That that devotion is but slight,

Doth force men first to swear, then fight.
That our confession is indeed

Not the apostolic creed;

Which of negations we contrive,

Which Turk and Jew may both subscrive.

That monies should men's daughters marry,
They on frantic war miscarry.
Whilst dear the soldiers they pay,
At last who will snatch all away.
And, as times turn worse and worse,
Catechise us by the purse.

That debts are paid with bold stern looks;
That merchants pray on their 'compt books;

That Justice dumb and sullen frowns,
To see in croslets hang'd her gowns;

That preachers' ordinary theme
Is 'gainst monarchy to declaim.

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That, since leagues we 'gan to swear,
Vice did ne'er so black appear;
Oppression, bloodshed, ne'er more rife,
Foul jars between the man and wife;
Religion so contemn'd was never,
Whilst all are raging in a fever,

They tell by devils, and some sad chance,
That that detested league of France,
Which cost so many thousand lives,
And two kings, by religious knives,
Is amongst us, though few descry;
Though they speak truth, yet say they lie.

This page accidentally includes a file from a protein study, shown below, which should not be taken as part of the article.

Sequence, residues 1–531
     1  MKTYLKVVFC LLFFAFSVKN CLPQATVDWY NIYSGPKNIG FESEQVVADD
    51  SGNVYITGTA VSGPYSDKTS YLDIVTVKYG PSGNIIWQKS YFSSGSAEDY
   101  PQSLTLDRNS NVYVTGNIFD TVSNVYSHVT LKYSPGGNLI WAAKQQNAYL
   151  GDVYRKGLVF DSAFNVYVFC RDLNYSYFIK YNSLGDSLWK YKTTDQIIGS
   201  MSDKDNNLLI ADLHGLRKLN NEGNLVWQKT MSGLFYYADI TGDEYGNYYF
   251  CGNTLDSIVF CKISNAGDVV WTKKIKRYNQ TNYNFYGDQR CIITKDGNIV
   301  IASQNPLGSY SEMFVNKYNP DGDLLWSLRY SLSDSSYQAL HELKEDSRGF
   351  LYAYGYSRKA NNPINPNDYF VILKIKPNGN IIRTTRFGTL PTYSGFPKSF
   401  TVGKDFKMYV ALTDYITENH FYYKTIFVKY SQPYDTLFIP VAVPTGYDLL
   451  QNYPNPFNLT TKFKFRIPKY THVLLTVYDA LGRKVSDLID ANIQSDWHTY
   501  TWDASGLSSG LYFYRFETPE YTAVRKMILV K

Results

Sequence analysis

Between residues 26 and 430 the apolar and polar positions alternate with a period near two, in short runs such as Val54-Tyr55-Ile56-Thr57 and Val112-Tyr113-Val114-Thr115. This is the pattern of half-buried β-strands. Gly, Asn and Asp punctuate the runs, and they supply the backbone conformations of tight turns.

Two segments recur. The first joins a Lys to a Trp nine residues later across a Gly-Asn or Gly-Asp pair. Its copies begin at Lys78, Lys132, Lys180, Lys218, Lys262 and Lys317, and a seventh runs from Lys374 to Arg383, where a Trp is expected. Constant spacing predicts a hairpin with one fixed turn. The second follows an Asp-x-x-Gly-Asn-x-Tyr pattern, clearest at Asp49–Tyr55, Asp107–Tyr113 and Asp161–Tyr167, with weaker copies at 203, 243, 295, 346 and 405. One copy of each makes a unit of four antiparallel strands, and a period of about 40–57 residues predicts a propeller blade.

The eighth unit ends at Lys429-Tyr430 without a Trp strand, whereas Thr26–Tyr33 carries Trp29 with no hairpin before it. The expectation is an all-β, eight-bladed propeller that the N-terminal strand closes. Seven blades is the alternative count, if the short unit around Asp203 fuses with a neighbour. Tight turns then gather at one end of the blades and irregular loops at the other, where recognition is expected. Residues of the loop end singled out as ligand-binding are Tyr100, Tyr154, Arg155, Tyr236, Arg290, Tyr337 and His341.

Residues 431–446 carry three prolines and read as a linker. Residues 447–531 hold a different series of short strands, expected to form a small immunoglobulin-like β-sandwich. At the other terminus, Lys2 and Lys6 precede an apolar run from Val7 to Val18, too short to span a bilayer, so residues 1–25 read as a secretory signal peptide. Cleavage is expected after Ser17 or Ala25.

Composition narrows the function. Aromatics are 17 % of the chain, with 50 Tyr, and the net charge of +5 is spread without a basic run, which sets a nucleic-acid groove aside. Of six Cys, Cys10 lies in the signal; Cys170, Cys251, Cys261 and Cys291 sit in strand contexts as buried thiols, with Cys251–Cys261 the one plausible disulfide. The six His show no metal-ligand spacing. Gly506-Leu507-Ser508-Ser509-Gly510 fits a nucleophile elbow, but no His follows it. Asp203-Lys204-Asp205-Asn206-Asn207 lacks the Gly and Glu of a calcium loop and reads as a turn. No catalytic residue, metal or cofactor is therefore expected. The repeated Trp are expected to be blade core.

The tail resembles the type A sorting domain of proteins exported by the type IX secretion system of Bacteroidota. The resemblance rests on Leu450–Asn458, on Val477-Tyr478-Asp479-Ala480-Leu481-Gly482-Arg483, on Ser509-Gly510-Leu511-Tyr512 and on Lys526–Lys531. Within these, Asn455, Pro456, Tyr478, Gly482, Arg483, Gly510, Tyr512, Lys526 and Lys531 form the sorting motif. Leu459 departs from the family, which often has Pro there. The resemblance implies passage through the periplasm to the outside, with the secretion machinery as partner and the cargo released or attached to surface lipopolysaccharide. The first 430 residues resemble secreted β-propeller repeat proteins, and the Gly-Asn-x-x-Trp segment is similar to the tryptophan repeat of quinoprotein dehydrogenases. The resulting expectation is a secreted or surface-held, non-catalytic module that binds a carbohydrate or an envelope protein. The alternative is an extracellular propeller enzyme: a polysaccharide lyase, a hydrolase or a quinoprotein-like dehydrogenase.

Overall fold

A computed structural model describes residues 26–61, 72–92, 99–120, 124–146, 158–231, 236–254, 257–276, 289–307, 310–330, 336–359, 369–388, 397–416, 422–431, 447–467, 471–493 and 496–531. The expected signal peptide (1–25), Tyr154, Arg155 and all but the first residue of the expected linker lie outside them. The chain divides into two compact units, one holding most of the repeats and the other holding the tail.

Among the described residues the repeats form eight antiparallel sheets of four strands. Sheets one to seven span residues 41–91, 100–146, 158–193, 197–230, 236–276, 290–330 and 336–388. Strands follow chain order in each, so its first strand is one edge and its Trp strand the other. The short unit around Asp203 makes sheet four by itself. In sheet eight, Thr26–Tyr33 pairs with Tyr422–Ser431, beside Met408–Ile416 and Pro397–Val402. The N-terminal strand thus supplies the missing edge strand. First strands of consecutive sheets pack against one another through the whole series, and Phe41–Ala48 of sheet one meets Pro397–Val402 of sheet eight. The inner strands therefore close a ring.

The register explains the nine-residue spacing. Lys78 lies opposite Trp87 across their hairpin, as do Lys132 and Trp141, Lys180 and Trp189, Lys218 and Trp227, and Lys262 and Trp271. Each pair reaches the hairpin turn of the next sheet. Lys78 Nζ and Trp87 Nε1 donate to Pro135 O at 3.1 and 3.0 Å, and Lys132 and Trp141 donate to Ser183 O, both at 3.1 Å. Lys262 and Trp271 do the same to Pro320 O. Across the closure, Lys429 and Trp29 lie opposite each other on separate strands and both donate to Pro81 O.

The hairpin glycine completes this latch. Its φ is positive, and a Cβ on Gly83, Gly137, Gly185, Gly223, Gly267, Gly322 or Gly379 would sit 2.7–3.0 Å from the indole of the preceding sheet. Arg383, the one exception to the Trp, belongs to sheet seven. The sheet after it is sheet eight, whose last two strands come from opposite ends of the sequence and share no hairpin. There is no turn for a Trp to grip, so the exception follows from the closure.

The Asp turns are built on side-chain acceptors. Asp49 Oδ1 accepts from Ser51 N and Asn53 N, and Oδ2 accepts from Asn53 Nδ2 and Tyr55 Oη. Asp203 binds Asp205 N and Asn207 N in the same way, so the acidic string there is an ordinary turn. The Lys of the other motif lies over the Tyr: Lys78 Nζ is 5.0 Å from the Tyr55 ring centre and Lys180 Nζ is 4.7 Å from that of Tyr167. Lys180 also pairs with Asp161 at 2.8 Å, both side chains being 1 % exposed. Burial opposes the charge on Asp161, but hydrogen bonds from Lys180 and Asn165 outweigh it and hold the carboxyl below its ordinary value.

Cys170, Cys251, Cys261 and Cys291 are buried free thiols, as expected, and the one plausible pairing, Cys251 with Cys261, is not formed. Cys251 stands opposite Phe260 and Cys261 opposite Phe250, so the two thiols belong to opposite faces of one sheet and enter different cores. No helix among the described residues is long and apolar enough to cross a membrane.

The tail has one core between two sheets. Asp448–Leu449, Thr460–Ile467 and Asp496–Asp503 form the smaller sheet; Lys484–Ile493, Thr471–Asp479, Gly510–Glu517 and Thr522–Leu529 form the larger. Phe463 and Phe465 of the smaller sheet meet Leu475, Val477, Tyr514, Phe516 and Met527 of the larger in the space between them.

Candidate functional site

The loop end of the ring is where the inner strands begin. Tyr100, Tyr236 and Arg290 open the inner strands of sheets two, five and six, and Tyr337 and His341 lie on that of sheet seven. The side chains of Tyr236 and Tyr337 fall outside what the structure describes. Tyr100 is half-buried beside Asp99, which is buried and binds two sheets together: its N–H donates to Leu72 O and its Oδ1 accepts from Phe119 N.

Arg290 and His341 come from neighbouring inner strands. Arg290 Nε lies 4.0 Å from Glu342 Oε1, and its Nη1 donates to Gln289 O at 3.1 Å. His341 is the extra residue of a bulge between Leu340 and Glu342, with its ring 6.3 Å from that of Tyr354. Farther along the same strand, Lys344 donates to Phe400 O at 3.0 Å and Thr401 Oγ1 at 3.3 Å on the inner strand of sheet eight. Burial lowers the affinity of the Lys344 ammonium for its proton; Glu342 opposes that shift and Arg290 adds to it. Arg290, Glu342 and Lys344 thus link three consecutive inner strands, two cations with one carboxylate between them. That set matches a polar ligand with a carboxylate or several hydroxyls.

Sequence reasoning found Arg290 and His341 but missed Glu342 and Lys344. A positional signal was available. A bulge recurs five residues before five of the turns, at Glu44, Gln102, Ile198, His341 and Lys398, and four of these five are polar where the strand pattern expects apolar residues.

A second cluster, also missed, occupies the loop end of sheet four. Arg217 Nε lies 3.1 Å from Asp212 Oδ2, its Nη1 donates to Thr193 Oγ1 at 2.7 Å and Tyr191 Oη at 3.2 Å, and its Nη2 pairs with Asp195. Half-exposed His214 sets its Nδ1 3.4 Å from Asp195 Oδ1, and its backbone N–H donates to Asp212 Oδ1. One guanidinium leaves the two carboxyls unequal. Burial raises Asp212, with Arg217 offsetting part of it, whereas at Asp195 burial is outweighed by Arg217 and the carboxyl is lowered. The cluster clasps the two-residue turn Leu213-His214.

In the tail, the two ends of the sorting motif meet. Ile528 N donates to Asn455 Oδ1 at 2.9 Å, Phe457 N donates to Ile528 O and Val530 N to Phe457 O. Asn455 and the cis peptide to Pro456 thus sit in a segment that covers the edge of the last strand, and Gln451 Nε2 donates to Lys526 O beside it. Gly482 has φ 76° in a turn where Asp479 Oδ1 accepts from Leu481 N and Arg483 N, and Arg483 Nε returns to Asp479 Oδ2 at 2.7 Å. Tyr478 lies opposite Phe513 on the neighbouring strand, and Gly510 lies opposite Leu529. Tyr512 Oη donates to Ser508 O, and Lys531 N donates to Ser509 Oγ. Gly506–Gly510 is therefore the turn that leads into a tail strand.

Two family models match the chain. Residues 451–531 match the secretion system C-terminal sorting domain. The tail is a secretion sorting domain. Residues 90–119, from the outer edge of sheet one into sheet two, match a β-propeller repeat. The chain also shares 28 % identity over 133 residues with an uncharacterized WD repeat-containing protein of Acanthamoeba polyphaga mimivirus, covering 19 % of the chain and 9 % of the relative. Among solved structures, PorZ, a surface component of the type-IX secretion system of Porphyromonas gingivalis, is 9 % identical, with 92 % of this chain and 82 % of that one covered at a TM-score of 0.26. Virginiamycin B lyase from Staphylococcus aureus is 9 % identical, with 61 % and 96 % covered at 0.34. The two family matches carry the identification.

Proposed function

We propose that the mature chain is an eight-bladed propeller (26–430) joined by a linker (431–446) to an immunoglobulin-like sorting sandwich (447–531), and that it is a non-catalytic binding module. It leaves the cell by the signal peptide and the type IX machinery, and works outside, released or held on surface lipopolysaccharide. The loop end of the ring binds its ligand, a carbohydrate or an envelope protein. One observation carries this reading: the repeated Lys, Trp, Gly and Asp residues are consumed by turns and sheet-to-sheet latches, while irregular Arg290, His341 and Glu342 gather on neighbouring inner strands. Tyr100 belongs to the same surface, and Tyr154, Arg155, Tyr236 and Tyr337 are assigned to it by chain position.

He who says that night is night,
That cripple folk walk not upright,
That the owls into the spring
Do not nightingales out-sing,
That the seas we may not plough,
Ropes make of the rainy bow,
That the foxes keep not sheep,
That men waking do not sleep,

That all's not gold doth gold appear→
Believe him not, although he swear.

To such syrens stop your ear,

Their societies forbear.

Ye may be tossed like a wave,

Verity may you deceive;

Just fools they may make of you;

Then hate them worse than Turk or Jew.

Were it not a dangerous thing,

Should we again obey the king;
Lords lose should sovereignty,
Soldiers hast back to Germany;
Justice should in our towns remain,
Poor men possess their own again;
Brought out of Hell that word of plunder,
More terrible than devil, or thunder,
Should with the covenant fly away,
And charity amongst us stay;
Peace and plenty should us nourish,
True religion 'mongst us flourish?

When you find these lying fellows,
Take and flower with them the gallows.
On others you may too lay hold,

In purse or chest, if they have gold.
Who wise or rich are in this nation,
Malignants are by protestation.



FROM Such a face, whose excellence
May captivate my sovereign's sense,
And make him (Phoebus like) his throne,
Resign to some young Phaëton,
Whose skilless and unstayed hand
May prove the ruin of the land,
Unless great Jove, down from the sky,
Beholding Earth's calamity,

Strike with his hand that cannot err
The proud usurping charioter;

And cure, though Phoebus grieve, our woe-
From such a face as can work so,

Wheresoever thou 'st a being,

Bless my sovereign and his seeing.